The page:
Earlier this week, the U.S. Supreme Court refused to hear an appeal by Rep. Jim McDermott of a ruling that he acted improperly by passing on to reporters a recording of a 1996 telephone call where Republican leaders talked strategy in regard to the ethics case pending against former House Speaker Newt Gingrich (R-Ga.). This week’s decision also leaves standing a previous court ruling saying that McDermott would have to pay $60,000 in damages and $800,000 in legal bills to now House Minority Leader John Boehner (R-Ohio), who had sued the Washington Democrat in 1998.
The question is, how is McDermott going to pay? CQ looked into whether he can use a legal-defense fund to help pay Boehner and it seems possible. It turns out that McDermott is one of six House members who maintain active legal defense funds, reporting contributions this year. CQ says that the rise in these separate accounts funds is a result of an increase in Justice Department and Federal Election Commission investigations. So far this year, McDermott has received more contributions to his defense fund than all other members of Congress, about $52,000, most coming from his Seattle district.
What do we know about these legal defense funds? Well, we know it’s a separate account that can be set up by a House member who can receive up to $5,000 from an individual in contributions per year. Lobbyists may not give to legal defense funds but House rules do allow corporate and union contributions to give to these funds. These accounts must disclose all contributions and expenses just as campaign committees and political action committees do. Both House and Senate legal expense funds file quarterly on paper only. Representatives file these paper documents with the Clerk of the House and if you live in DC you can go the office in the Capitol to see what money is being raised. You guessed it. These reports are not available online. The laws governing the disclosure of legal defense funds is House Rule XXV(5)(c)(3).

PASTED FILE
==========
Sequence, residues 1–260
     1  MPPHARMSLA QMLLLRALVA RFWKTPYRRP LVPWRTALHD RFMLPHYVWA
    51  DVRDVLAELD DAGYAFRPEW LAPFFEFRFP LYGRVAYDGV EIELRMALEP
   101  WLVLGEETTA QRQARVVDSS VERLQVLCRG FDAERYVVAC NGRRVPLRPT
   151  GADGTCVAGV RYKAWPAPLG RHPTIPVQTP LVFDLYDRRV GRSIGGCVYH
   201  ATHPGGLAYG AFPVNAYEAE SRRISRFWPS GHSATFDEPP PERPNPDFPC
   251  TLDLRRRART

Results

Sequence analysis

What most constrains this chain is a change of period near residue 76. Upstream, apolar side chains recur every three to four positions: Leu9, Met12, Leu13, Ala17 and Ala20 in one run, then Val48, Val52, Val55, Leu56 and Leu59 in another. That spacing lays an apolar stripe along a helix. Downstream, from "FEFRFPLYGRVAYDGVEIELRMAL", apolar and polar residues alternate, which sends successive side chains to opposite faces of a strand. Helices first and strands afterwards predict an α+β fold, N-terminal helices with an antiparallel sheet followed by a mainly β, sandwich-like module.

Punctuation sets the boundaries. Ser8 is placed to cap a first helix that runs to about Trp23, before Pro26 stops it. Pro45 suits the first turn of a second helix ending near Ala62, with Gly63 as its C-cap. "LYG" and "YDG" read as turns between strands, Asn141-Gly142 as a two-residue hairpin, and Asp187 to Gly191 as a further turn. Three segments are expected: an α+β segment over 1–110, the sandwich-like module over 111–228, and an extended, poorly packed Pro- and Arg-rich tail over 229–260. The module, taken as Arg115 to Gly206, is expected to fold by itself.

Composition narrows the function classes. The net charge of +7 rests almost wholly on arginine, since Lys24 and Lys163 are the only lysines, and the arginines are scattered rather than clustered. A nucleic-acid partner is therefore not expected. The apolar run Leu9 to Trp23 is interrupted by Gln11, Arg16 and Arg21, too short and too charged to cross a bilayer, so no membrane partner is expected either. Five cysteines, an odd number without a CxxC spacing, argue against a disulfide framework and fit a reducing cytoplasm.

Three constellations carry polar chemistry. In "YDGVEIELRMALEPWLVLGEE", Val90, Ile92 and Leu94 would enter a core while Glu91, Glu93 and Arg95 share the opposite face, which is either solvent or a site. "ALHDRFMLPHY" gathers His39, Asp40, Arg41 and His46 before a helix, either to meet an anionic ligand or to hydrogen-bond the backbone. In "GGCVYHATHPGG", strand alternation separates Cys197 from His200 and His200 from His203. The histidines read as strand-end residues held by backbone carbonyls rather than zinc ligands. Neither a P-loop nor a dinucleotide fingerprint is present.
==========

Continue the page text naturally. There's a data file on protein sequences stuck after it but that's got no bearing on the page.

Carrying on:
Yes, you read me right. Lawmakers are allowed to collect funds from individuals, corporations and labor unions to help them get out of legal difficulties, report them only quarterly and then effectively hide the reports in an obscure office to the Capitol building.
There’s a lot wrong with this picture. Legal defense fund reporting needs to come into the 21st century. Our friends at the Center for Responsive Politics, the pros at following the money, have highlighted similar funds in the past, such as the one held by former Rep. Tom DeLay (R-Texas). In 2000, then U.S. Sen. Robert Torricelli (D-N.J.) set up the New Jersey Legal Fund to cover legal fees generated attempting to fight off an investigation into alleged fund-raising improprieties during his 1996 campaign for Senate. CRP found that of the 105 donors to Torricelli’s fund, "many are familiar names in Democratic fund-raising circles, while others work for corporations that stand to benefit from legislation pending in the Senate, including pharmaceutical companies and interests involved in the debate over asbestos litigation." I’d be willing to bet that’s the same with every single fund. Currently CRP has nothing comprehensive or ongoing regarding these legal funds, and there is no database. .